Op dit moment zit ik op de basis-EHBO-post van Noorderslag, leuk wat voor klusjes je kan krijgen als je je diploma hebt gehaald :).

Gister was ik deel van een loopteam op Eurosonic en daar werden Gerard en ik waarrempel geinterviewd door een meisje van 3voor12, lees het stukje hier (mirror)!

Postfix Relay Recipient Maps

A friend of mine, whose server acts as secondary mailserver for my domains, suggested I read and proposed to implement it to reduce spam by refusing mail for non-existing users. For the specific ideas I recommend you read the article.

The solution offered did not match my situation, so I had to modify it a bit. The first problem was that the original script parses only /etc/passwd and the aliasfiles of Postfix itself. I also have virtual aliases and multiple domains, so I modified it to parse those too, you can download it here ( At that moment I was thinking about how to automate it further.

The original script uses scp to transfer a generated file and the database generated from that to the secondary mailserver. It checked if there were any changes before doing that though, this meant that if I were to automate that, it would be with a crontab and thus polling. Luckily there are more efficient methods in Linux: inotify.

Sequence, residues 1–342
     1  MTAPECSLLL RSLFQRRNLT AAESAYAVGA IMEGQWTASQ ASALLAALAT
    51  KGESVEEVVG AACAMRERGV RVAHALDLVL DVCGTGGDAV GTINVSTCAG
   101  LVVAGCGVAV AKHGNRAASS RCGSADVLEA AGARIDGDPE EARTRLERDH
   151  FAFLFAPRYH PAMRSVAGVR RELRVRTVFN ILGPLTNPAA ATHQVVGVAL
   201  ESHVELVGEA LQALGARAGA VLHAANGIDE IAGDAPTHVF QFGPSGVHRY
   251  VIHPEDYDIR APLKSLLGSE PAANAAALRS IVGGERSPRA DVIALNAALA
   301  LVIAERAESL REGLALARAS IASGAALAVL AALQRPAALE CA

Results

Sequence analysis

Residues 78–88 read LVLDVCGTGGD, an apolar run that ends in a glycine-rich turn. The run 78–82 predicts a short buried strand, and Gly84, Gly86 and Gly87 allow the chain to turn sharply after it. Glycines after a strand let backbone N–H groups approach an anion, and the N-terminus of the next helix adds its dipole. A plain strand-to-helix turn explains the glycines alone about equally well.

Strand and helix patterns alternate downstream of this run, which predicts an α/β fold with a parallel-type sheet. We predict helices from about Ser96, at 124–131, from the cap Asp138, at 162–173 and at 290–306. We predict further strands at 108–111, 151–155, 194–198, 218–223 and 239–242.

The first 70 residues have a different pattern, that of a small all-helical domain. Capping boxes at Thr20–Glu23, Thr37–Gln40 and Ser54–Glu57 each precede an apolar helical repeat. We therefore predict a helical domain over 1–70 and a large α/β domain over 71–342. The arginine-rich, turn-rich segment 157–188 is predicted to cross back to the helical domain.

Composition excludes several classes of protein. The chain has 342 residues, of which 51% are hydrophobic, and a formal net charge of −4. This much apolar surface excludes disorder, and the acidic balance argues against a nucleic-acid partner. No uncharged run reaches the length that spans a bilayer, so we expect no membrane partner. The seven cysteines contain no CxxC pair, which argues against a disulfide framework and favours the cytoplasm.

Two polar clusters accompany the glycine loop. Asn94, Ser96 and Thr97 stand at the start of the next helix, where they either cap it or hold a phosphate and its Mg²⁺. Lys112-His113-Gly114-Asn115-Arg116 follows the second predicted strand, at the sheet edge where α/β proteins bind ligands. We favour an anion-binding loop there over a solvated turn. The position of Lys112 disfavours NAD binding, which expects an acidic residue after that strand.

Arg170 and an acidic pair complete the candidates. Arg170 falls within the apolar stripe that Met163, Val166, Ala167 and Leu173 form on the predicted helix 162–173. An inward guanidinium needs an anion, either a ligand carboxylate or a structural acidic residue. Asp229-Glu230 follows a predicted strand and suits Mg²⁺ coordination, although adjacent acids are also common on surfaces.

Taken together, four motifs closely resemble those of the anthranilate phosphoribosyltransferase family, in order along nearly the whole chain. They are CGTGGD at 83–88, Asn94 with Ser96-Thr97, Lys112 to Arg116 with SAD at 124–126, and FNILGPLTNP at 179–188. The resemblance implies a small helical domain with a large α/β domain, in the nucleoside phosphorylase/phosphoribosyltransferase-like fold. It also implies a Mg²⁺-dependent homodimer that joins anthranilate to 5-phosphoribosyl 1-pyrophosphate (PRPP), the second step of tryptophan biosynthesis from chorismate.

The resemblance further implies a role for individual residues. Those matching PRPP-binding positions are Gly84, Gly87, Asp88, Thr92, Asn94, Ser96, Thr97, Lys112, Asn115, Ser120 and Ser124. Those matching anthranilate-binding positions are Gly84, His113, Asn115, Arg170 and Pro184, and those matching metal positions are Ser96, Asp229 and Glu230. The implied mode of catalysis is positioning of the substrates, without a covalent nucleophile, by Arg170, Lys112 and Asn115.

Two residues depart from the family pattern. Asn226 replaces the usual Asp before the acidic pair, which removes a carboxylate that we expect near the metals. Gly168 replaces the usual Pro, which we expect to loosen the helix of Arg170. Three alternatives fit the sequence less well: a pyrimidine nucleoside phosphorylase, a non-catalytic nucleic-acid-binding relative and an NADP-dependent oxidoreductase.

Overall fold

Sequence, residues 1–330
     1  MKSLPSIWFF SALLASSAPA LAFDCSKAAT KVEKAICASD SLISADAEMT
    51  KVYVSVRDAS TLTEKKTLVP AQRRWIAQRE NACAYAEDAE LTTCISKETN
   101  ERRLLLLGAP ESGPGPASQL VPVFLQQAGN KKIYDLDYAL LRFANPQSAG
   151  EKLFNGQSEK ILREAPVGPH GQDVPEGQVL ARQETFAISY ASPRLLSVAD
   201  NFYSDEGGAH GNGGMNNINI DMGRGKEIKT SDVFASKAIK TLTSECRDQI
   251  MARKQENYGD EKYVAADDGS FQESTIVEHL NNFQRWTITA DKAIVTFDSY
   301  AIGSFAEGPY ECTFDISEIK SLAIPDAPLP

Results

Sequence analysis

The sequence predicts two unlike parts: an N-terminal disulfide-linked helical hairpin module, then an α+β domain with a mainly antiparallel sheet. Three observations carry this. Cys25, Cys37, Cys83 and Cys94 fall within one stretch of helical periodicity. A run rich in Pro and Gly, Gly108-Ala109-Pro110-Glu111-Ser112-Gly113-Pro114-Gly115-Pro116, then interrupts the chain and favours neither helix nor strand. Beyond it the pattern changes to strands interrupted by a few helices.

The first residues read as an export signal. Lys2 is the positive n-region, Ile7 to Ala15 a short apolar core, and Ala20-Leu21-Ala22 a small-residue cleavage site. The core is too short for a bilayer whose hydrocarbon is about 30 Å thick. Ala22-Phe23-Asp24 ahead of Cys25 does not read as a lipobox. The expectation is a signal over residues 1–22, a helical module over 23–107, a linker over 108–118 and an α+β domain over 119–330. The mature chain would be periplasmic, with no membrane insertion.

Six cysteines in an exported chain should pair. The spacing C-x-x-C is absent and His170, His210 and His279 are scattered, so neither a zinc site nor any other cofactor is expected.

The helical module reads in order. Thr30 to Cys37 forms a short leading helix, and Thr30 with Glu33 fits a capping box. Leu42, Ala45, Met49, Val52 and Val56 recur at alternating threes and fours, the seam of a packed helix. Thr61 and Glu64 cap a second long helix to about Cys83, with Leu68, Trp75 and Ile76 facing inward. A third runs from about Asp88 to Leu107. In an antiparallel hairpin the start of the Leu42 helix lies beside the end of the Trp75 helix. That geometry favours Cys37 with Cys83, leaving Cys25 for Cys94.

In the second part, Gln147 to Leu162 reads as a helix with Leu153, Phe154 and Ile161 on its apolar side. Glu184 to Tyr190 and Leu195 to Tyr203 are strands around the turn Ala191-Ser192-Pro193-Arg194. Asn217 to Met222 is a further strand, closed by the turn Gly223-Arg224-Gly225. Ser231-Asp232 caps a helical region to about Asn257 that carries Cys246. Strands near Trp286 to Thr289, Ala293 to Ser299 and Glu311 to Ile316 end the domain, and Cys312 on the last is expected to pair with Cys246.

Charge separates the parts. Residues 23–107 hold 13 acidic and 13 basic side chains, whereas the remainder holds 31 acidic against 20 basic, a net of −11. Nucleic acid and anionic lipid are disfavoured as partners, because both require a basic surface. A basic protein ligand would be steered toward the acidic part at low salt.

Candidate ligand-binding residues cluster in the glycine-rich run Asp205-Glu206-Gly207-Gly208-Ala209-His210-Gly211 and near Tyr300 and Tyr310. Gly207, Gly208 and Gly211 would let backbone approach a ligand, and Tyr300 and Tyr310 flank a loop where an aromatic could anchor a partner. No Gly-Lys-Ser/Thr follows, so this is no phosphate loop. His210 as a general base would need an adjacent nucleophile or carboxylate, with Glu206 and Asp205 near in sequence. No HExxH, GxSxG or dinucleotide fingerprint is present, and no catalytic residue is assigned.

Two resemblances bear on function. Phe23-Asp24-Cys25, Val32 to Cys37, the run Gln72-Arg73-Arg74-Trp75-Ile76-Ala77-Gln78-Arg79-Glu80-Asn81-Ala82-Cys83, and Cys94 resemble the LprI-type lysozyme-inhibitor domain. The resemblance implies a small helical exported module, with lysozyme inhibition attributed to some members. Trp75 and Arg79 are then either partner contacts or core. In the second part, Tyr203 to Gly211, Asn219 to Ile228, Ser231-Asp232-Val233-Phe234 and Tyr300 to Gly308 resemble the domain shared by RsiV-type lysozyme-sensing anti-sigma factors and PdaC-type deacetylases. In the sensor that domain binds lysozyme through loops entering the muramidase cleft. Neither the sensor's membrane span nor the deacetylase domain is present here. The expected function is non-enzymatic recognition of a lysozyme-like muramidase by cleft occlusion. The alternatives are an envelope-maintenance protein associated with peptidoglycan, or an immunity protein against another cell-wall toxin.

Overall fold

Inotify is a kernel-subsystem which can watch files for events, like opening, writing and closing and it does this without polling! I installed inotify-tools and use the inotifywait tool to watch a couple of files, if they are altered the shellscript continues running and will parse the files and send the result to the secondary mailserver, where a new database will be generated.

FILES="/etc/passwd /etc/aliases.db /etc/postfix/aliases.db \
        /etc/postfix/virtual.db /etc/postfix/domains"
case "$1" in
        echo "Starting Postfix Relay updater."
        /root/bin/ &
while true; do
    # Wait for filemodifications
    inotifywait -qqe MODIFY ${FILES}
    # Sleep half a second to prevent bashing
    sleep 0.5
    # Send the file to the secondary mailserver
    /root/bin/ |
        ssh -qTi ~/.ssh/postfix_relay

To automate the transfer to the secondary mailserver, I generated a ssh-key on the primary (ssh-keyget -t dsa -f /path/to/key). The public-key part of this key should be transfered to the secondary mailserver and placed in ~/.ssh/authorized_keys, prepended by something like from="",command="/home/user/bin/",no-port-forwarding,no-X11-forwarding,no-agent-forwarding,no-pty. is executed at the moment an ssh-connection comes in which authenticates itself with the generated key. It places everything from stdin in ~/.relay/relay_example_org and runs postmap on it.

# Update the file
cat >${RELAY_FILE}
# Create the Postfix database
/usr/sbin/postmap ${RELAY_FILE}

If Postfix is configured correctly (see the part about relay_recipient_maps in above article) all should be well and completely automated!